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2016 Volkswagen Golf GTE First Drive

On Sunday, October 11th, 2015

For the past few years I’ve enjoyed a simple automotive tradition: When planning a European vacation, I request a relatively attainable loaner car that’s unavailable in the States. These slices of can’t-get-it-at-home automotive exotica have tended to be clean diesels, and experiencing them in their native habitat ahead of their US debuts often gives some form of four-wheeled revelation.

2016 Volkswagen Golf GTE

For instance, before the mainstream emergence of clean diesels stateside, I racked up 1,500 miles on a then-brand-new 2008 Mercedes-Benz C220 CDI. The otherwise unassuming sedan enabled me to cannonball from the South of France to Barcelona on a single tank of fuel, while delivering satisfying torque around town and averaging 41 mpg. The following year, I bombed through the Italian Alps in aVolkswagen Golf SportWagen TDI, which eked a claimed 17 percent better fuel economy than its predecessor. Once again, I was in car guy heaven, returning home with nothing but praise for these efficient, entertaining diesels that seemed to defy conventional wisdom.

And then came the Volkswagen scandal, single-handedly besmirching so-called clean diesels and everything they purported to represent. With a European pleasure trip around the corner (and a request for a press car pending with VW), I wondered what would be waiting for me curbside when I touched down at Aeroporto di Firenze-Peretola.

Enter The High Performance Hybrid

Volkswagen, quite understandably, didn’t want to arm a journalist with potentially damning commentary about the technology that has already inspired environmental outrage and the ousting of CEO Martin Winterkorn. For the automaker in peril (and the auto writer in waiting), I soon discovered that the ‘clean’ diesel elephant in the room would be supplanted with a vehicle that could single-handedly deflect controversy. My loaner? A still-can’t-get-it-back-home alternative to diesel, the 2016 Volkswagen Golf GTE plug-in hybrid.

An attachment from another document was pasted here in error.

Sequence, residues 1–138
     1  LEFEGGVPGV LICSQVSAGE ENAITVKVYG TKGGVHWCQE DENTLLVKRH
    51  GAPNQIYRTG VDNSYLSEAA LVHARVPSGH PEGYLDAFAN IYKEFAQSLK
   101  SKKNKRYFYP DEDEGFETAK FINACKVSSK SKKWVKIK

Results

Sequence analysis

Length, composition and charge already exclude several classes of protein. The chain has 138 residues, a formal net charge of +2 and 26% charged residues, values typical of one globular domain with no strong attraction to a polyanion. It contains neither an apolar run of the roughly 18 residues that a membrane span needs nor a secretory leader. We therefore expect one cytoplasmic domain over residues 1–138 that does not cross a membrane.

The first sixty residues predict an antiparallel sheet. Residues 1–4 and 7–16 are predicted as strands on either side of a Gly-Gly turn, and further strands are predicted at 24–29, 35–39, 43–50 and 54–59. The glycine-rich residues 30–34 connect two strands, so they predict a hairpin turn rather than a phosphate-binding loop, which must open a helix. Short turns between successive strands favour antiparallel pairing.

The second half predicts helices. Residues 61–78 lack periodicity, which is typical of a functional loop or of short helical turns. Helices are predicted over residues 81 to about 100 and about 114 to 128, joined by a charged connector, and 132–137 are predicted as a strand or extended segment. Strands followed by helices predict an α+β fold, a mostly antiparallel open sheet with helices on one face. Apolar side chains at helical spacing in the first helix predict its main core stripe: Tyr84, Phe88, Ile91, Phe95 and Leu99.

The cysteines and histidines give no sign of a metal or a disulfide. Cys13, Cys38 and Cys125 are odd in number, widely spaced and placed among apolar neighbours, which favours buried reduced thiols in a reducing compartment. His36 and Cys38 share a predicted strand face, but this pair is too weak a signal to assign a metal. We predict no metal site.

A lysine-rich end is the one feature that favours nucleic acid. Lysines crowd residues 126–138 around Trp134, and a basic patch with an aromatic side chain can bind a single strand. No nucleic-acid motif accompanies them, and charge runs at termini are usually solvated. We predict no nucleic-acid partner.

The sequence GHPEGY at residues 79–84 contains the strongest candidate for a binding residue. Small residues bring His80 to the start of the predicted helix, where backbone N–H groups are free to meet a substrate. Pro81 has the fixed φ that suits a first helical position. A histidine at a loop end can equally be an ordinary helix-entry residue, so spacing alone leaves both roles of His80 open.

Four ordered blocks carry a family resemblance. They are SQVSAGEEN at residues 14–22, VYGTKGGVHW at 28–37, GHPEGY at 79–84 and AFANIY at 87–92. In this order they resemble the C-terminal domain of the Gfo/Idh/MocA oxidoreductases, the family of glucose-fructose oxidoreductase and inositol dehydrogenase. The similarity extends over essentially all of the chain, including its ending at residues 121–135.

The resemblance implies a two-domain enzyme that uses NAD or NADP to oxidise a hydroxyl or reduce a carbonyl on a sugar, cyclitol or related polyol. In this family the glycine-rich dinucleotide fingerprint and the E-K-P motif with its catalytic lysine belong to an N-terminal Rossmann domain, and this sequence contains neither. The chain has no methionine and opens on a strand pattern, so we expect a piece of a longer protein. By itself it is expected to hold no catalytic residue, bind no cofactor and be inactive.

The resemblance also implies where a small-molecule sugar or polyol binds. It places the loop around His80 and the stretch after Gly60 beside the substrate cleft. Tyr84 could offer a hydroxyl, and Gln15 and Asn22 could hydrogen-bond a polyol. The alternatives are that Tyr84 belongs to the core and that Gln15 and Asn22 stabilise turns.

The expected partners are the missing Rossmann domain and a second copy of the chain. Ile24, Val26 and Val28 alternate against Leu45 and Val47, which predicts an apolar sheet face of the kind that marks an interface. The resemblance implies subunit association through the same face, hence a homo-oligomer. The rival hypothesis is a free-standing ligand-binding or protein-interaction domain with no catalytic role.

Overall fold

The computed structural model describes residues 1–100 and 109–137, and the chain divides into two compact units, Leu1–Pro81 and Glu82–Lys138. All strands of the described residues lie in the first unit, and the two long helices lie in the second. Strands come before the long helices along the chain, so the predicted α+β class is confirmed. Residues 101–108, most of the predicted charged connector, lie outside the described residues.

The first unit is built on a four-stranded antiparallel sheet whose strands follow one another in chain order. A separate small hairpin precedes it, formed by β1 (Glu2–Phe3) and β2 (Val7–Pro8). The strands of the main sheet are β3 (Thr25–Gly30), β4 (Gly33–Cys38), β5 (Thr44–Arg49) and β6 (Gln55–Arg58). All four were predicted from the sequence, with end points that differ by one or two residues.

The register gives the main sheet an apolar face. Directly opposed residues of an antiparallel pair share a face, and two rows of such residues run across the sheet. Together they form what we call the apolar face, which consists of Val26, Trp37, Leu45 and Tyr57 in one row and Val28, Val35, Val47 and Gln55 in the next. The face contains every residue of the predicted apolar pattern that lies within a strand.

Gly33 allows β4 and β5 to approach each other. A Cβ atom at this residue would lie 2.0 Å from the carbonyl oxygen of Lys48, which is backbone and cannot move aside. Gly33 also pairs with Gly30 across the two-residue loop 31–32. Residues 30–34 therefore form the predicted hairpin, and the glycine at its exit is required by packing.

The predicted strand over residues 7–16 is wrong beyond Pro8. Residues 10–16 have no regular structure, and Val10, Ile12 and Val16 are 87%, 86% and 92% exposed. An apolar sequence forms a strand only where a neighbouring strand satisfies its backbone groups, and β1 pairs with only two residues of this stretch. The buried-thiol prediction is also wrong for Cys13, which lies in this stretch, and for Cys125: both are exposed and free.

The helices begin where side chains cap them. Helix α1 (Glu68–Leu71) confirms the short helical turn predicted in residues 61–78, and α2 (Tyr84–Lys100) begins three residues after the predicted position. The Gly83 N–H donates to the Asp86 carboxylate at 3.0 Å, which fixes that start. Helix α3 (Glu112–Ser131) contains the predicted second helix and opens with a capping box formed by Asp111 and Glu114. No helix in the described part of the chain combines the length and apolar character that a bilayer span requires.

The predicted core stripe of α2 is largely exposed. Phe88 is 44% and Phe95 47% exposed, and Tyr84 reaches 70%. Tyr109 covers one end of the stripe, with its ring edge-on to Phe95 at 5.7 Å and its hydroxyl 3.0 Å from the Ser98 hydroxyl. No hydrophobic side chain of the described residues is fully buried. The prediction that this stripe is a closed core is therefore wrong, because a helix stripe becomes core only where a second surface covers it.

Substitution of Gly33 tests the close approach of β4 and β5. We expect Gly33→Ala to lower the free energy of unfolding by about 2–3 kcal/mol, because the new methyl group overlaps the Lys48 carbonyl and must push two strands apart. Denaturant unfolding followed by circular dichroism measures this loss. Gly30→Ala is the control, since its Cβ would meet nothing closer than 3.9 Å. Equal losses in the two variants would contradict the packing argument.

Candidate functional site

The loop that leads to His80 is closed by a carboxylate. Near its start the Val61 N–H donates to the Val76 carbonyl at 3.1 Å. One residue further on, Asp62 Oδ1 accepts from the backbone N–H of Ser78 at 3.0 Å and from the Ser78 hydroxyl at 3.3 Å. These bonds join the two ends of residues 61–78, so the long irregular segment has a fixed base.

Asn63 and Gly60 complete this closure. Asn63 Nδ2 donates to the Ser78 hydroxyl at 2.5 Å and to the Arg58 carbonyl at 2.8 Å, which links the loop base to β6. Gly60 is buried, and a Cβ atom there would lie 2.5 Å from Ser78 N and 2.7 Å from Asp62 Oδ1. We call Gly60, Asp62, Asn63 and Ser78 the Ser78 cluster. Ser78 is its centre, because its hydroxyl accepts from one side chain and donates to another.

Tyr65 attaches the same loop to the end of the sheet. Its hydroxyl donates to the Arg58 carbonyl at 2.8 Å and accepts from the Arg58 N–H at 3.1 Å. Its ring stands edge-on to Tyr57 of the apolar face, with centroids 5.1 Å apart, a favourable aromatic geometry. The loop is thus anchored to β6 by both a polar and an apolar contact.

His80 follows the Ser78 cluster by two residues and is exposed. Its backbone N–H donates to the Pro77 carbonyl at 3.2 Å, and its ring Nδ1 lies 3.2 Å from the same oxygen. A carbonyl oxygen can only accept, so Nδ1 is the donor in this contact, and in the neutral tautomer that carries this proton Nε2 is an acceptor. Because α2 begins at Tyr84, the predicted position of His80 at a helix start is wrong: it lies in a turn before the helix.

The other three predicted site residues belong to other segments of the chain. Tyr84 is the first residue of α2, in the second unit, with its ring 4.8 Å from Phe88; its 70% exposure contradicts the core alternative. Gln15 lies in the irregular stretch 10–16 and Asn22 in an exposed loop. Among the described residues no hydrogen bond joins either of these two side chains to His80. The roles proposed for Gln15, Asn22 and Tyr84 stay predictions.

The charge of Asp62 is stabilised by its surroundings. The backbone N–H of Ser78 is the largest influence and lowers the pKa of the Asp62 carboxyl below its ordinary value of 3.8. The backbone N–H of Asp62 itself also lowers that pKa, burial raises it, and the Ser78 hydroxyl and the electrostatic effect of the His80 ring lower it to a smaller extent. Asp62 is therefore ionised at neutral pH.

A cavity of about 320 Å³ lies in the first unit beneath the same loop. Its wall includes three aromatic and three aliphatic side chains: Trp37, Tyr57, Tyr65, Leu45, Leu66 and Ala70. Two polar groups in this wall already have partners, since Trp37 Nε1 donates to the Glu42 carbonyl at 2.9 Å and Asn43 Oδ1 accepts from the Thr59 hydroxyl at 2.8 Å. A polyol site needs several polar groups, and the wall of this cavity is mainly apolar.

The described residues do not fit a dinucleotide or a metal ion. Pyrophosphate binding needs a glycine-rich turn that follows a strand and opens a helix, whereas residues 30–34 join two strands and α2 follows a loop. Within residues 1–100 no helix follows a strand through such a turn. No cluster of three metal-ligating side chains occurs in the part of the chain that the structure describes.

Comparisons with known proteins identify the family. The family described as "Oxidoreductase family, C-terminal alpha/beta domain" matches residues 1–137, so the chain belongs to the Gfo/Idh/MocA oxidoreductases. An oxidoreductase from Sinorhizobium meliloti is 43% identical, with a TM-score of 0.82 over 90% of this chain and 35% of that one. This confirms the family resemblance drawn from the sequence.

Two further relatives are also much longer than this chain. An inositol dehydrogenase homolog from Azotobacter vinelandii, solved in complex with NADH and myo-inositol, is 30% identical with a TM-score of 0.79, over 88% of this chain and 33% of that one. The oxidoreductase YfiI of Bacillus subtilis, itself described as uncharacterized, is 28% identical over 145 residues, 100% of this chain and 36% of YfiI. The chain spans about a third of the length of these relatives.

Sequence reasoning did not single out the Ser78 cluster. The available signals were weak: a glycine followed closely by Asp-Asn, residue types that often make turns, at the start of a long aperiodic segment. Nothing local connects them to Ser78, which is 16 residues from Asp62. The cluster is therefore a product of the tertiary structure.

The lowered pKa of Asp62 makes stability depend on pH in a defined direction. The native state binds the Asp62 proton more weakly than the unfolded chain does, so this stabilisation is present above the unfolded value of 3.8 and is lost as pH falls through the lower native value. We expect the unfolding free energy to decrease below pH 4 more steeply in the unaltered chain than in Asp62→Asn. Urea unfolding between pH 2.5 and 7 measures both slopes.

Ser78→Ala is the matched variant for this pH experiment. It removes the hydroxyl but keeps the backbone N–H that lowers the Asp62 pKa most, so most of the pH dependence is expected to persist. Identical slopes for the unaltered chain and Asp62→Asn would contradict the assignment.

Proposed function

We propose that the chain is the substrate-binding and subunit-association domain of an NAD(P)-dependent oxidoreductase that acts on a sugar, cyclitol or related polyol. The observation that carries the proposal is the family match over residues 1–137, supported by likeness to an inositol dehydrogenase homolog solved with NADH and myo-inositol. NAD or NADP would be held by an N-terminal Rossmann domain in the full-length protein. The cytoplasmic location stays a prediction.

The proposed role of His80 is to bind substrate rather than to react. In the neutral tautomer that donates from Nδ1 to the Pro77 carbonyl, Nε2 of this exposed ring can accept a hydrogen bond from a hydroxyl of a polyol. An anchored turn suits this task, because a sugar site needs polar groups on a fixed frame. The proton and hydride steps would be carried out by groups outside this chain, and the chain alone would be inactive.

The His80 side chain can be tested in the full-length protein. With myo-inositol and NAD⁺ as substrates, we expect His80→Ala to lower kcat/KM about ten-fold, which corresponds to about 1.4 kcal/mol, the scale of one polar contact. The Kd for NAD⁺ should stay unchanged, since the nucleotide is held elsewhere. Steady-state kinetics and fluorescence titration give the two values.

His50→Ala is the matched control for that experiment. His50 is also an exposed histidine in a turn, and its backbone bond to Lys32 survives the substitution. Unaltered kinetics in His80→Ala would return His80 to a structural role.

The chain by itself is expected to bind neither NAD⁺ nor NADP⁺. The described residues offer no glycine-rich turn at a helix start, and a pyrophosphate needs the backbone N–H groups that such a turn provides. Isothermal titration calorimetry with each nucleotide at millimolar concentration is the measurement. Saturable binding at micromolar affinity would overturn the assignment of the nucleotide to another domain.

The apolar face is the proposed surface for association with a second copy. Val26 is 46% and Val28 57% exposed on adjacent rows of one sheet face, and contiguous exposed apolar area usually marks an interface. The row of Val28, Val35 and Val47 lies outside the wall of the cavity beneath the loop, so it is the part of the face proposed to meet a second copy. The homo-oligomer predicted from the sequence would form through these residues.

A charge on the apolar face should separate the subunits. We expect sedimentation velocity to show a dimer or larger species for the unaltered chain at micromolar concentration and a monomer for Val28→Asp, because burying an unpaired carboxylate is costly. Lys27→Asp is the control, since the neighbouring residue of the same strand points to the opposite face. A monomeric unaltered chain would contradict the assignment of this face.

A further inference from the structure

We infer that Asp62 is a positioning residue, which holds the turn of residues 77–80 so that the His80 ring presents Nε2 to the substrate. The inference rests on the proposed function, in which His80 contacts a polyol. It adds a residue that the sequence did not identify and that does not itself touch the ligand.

First off, let me admit to some prejudicial bias against the GTE. Maybe it’s my personal views on hybrids, tainted by the eco self-righteousness exuded by their drivers back home, and epitomized by teeming swarms of Prius drivers who couldn’t give a single damn about driving. Or maybe it’s the added weight and complexity of a hybrid drivetrain that runs counter to my petrol-loving soul. Either way, my loaner was more than just a loaner this time around; it was a statement by a company in crisis, an answer to a question I never expected to ask.

Would this – could this – curiously timed hybrid win me over? I piled my travel companions into its Tartan-trimmed interior and merged onto the Autostrada in search of an answer.

What Lies Beneath